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Ponzi Schemes

Named for Charles K. Ponzi, a small-time hustler who hatched a big-time fraud when he claimed astounding return rates on investments within 45 days. When the scheme started to pay the initial investors that actual return, word spread like wildfire and everybody wanted a piece of the action. But it was all a massive, complete put-on, and by the time it was over, 10,000 people had invested $9,500,000 in a con game, and Ponzi had gone from lauded financial genius to incarcerated felon.

Throughout the entire adventure, one fact is clear: Ponzi was one self-assured motherfucker. Never seen without a snappy suit and stylish straw hat, he smiled, waved his arms, and charmed a room with a quality that made everyone who met him hold their money over their heads and wave wildly. He was just that kind of guy, the guy who you knew would never do you wrong... well, until he did. At his trial, Ponzi was said to constantly smile and chuckle to himself as if enjoying a private joke, and burst out laughing on several occasions as compatriots and ex-staff talked about how completely false his "Securites Exchange Company" had been.

In case you suddenly feel the need to try one of these yourself, let's go over how it was done in as few words as possible. Ponzi offered investors an amazing return based on the speculative market of Postal Reply Coupons. Ponzi himself described it this way:

I wrote a man in Spain regarding the proposed magazine and in reply received an international exchange coupon which I was to exchange for American postage stamps with which to send a copy of the publication. The coupon in Spain cost the equivalent of about one cent in American money, I got six cents in stamps for the coupon here. Then I investigated the rates of exchange in other countries. I tried it in a small way first. It worked. The first month $1,000 became $15,000. I began letting in my friends. First I accepted deposits on my note, payable in ninety days, for $150 for each $100 received. Though promised in ninety days I have been paying in forty-five days (N.Y. Times, July 30, 1920)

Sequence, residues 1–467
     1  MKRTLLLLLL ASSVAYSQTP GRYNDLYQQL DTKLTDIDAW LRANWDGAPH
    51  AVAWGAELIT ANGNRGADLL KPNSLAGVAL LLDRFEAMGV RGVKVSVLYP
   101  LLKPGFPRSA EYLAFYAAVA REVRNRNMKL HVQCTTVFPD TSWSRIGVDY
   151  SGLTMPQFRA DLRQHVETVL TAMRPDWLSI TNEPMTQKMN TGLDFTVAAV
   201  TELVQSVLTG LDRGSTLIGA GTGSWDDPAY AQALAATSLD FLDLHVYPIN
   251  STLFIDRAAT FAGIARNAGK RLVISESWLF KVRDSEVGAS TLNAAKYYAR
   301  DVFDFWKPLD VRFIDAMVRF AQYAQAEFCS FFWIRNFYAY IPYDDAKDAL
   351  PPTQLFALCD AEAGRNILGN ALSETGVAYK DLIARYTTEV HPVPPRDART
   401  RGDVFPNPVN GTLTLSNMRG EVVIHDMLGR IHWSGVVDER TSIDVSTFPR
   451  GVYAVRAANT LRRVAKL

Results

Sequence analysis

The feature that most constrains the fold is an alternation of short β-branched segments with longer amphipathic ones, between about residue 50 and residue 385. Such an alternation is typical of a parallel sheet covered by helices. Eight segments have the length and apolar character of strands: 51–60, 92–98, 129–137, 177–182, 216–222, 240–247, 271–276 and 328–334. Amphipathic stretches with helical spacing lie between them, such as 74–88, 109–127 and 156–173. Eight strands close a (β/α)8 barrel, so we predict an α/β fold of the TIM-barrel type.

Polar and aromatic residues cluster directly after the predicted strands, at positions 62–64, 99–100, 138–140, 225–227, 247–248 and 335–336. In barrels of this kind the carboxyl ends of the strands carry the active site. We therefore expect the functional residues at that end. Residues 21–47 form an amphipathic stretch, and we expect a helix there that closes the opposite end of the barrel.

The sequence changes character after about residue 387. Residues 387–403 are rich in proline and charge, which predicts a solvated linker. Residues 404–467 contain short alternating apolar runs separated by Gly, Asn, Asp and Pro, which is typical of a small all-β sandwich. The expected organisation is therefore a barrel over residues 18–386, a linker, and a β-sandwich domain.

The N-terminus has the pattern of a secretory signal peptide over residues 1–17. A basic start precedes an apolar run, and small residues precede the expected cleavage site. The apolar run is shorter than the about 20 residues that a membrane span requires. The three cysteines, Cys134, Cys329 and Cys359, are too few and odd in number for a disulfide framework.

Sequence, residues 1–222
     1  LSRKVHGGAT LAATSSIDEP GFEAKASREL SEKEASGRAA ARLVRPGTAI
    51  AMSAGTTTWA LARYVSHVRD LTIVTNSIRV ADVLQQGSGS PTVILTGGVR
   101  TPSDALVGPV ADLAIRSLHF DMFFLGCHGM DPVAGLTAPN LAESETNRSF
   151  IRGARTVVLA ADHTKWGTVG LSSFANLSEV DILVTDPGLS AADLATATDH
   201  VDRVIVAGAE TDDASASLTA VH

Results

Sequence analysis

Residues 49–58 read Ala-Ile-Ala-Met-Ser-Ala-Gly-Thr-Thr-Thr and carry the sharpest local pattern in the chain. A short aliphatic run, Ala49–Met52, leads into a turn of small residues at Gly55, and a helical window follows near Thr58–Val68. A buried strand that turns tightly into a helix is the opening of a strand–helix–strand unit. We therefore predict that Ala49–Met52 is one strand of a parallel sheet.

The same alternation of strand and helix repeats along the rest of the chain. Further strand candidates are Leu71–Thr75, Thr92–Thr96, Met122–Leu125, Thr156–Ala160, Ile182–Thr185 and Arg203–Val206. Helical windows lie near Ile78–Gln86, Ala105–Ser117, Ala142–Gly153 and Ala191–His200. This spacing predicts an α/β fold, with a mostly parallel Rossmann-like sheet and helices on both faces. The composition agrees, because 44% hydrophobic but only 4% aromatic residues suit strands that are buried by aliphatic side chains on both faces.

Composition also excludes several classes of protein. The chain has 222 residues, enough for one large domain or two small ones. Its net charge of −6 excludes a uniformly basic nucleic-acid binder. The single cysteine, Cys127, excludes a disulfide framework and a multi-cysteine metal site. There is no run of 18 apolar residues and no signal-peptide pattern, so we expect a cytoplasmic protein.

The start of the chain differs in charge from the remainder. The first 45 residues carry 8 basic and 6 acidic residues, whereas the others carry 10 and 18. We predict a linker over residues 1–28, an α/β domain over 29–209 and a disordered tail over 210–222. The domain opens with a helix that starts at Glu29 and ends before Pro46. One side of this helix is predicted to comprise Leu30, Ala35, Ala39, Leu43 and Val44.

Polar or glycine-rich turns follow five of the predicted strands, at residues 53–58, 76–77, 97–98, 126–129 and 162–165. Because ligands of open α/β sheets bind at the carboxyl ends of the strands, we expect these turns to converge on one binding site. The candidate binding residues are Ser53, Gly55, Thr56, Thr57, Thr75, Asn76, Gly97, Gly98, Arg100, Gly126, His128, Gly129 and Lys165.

Except for the part where he's lying, the idea sounds completely plausible. Coupons bought for one amount sold for a higher amount. This is basically how speculation in money exchange works: buy a UK pound at $1.67 american, and sell it at $1.87 american, net profit $.20 on the dollar. But it takes time, is not an easy game to play, and profit is not always guaranteed. Ponzi's scheme, however, claimed it was profitable, dependable, and guaranteed. And so the money started coming in. Ponzi initially promised a 50 percent return of investment within 45 days, and 100 percent within 90. This increased to 100 percent within 45 days, which fueled the fire even more.

How did the initial investors make their money back? Well, Ponzi was simply taking the money from more recent investors and using it to pay back previous investors. As word spread of the successful return rates, more and more people would be willing to invest, and people who had invested would happily plow their "earnings" back in, meaning enough money was still real to allow Ponzi to continue the fraud.

Ponzi's biggest initial problem was that the sheer volume of incoming cash (literally wheelbarrows) caused him to have to start storing his money somewhere other than the office, and so he brought in the Hanover Trust Company, which was as happy to perpetuate the fraud as he was. When the first cracks started showing in Ponzi's pyramid (an overdraft at the bank), he took the entire bank with him. Regulators seized the remaining deposit ($1.5 million) to pay back defrauded investors, but it was too little, too late. The bubble had burst, the money was gone, and Ponzi was on his way to prison.

Of course, it came out a tad too late that Ponzi had served time before, for forgery and illegal smuggling, and after serving time for the Ponzi scheme he went to prison for a Florida Land Scheme of equal chutzpah. Deported to Italy after this third prison term, he emigrated to Brazil where he died in a charity hospital, his $75 estate used to bury him.

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